Texas-based Organic Alliance is a public company that was established four years ago. Its customers are large multi-national food manufactuers.
It claims to be the first organic products company and one of the first produce companies in the world to sign on with the GS1 system of standards, which it says makes traceability possible on a global scale across the supply chain.
GS1 is a global supplier of product identification technology including barcodes Electronic Product Code (EPC) and Radio Frequency Identification tags (RFID).
While the US organic industry grew 21 per cent to reach $17.7 billion in consumer sales in 2006, Organic Alliance admits that consumers are increasingly concerned about origin and safety due to recalls, in particular the recent fresh produce linked salmonella scare.
“Our new tracing system is pioneering in the industry and a logical extension to our overall strategic positioning on quality; we expect it to further enhance the reputation of organic produce from the perspective of the consumer,” Organic Alliance spokesperson Bill Gallagher told FoodProductionDaily.com.
The company's main products are certified organic tomatoes, onions, garlic and avocados but Gallagher said that 20 per cent of its produce is high quality non-organic produce. He said organic beef and poultry are also proving to be a growth sectors for the company.
Gallagher said the GS1 system employed will involve each of its suppliers having a crate label with a unique identifier that is linked back to a centrally recorded database, and that all costs will be absorbed by the Organic Alliance rather than the individual member.
He said the system will be beneficial to both farmers and the Food and Drug Administration (FDA) in that the product labels and technology will expedite tracking and quickly isolate a problem to a specific farm, thus clearing non-contaminated products.
“It is very important for our organisation, as representatives of the organic sector, to be able to source origin. The GS1 tracing system will enable us to track our products back to the specific farmer and even down to the row if needed during any FDA recalls,” said Gallagher.
Federal probe criticised
The FDA handling of the salmonella outbreak that has sickened 1,300 people has been criticized by US politicians, public interest groups and industry representatives, with all groups urging the need for faster tracking of tainted products.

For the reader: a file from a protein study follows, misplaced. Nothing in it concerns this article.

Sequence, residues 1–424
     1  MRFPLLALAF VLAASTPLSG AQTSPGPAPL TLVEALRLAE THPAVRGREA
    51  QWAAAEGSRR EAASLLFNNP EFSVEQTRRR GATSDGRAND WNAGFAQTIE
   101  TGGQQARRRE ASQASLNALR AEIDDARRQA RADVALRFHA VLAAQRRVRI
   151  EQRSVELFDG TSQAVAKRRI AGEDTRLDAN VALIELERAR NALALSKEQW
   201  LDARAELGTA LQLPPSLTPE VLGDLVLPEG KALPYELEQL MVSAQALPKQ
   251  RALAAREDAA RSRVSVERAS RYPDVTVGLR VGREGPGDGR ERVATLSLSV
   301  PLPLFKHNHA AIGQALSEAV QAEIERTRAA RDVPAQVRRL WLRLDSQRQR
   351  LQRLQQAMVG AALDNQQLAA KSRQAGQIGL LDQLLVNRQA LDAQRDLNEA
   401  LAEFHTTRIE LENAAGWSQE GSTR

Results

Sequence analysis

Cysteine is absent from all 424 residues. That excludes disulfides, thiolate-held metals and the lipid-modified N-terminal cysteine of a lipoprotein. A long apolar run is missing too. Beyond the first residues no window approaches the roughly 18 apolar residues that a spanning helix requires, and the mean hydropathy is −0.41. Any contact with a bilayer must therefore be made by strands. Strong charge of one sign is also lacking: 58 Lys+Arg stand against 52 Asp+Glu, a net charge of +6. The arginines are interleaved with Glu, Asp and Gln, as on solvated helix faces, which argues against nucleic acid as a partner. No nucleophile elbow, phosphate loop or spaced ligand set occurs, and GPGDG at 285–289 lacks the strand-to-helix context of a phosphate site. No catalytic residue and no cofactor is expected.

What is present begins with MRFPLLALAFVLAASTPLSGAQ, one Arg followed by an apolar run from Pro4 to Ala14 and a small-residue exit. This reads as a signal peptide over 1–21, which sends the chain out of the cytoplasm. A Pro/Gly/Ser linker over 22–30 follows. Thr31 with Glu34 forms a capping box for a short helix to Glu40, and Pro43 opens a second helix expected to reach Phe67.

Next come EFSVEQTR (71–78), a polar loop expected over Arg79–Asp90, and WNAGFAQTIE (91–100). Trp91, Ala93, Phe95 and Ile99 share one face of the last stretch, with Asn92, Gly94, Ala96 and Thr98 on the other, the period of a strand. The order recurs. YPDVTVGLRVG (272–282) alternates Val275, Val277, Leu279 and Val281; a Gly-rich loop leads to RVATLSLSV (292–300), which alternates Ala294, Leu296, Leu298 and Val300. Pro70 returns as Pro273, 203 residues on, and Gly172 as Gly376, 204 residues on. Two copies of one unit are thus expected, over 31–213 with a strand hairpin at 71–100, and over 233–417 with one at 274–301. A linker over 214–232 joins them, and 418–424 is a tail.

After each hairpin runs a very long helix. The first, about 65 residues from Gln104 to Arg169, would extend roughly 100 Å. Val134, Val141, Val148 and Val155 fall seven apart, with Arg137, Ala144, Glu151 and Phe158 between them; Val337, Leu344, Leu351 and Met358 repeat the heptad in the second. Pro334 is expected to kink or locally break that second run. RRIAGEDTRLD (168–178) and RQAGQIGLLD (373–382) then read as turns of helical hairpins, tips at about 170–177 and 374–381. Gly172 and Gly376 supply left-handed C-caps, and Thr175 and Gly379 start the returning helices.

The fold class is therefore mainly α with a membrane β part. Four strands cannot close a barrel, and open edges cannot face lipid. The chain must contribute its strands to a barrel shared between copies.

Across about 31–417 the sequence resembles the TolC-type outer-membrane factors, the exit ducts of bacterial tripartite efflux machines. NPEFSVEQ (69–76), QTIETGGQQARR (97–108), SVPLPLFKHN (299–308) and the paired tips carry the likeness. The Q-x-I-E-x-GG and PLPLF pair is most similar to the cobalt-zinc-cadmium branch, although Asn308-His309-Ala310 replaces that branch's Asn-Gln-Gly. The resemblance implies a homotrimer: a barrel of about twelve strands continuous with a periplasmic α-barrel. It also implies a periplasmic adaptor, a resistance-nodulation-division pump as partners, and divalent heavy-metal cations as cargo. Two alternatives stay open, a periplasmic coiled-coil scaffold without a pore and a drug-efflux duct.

The scare, which has cost the produce industry an estimated $200m, was initially linked to fresh tomatoes by the food safety regulator; however, its subsequent investigations connected the outbreak to irrigation water and peppers on a farm in Mexico.
In two days of congressional hearings into the outbreak last month, US lawmakers said that the federal investigation should only have taken hours or days, with the House Energy and Commerce Committee concluding that the federal investigators focused on tomatoes too early.
The Center for Science in the Public Interest (CSPI) and the Consumer Federation of America (CFA) recently wrote to the FDA urging emergency regulations requiring traceability of fresh produce to allow health officials to react more quickly when a pathogen-related outbreak occurs.
FDA chief, Dr David Acheson, said the agency plans to convene a panel of advisers to review its salmonella inquiry.
David Hughes, Emeritus professor of food processing, Imperial College London, said the outbreak was unlikely to shift consumption in the long term, but it would make people a lot more aware of the source of origin.
He said it also highlights the need for the food industry to have high integrity supply chains and suppliers that have processes in place for quality assurance.
“Consumers don’t spend their days worrying about food safety because they assume that is has been taken care of. If they find out it hasn’t been taken care of they penalize you the only way they know how, and that is not to buy your product,” said Hughes.
An Associated Press-Ipsos poll said that nearly half of consumers have changed their eating and buying habits in the past six months because they're afraid they could become ill from eating contaminated food.
Forty six percent said they avoided buying foods they would normally buy because of warnings about the safety of particular types of food and 45 per cent said they were less likely to eat fresh tomatoes.
The poll results also showed that 86 per cent said produce should be labelled so it can be tracked through each stage from processors back to the farm, an issue which has divided the industry. And 80 per cent supported establishing stricter federal safety standards for fresh produce.